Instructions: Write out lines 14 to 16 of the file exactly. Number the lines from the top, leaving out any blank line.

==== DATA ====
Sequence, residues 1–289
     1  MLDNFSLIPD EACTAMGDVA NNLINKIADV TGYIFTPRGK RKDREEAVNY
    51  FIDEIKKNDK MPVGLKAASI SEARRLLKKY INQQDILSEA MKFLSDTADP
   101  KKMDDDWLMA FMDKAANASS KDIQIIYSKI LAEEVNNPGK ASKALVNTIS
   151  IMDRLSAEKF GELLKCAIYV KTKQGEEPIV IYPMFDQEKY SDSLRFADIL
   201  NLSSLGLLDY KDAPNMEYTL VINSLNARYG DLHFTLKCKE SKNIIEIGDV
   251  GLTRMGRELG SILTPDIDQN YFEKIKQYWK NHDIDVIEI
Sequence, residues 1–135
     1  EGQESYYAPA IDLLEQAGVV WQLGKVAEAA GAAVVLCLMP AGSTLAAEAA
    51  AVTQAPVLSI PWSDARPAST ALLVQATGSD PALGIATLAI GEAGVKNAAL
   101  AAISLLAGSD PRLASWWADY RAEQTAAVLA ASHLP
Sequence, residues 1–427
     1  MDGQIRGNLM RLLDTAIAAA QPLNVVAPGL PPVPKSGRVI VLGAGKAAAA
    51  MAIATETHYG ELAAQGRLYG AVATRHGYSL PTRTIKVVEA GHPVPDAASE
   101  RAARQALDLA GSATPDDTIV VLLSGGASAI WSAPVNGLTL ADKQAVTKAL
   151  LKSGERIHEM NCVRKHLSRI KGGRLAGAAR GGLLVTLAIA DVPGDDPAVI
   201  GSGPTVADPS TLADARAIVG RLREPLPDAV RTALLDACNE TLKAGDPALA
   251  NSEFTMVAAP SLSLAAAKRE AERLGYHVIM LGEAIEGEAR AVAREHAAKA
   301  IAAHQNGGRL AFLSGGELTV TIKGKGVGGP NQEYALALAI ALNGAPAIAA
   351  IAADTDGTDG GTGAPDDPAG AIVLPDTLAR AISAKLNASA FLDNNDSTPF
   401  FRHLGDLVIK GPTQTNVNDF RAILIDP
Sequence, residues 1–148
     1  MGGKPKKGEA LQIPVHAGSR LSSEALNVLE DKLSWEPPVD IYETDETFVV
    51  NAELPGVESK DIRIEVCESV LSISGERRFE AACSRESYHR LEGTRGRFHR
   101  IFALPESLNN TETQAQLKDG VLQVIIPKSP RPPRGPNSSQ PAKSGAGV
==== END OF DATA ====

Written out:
    51  MAIATETHYG ELAAQGRLYG AVATRHGYSL PTRTIKVVEA GHPVPDAASE
   101  RAARQALDLA GSATPDDTIV VLLSGGASAI WSAPVNGLTL ADKQAVTKAL
   151  LKSGERIHEM NCVRKHLSRI KGGRLAGAAR GGLLVTLAIA DVPGDDPAVI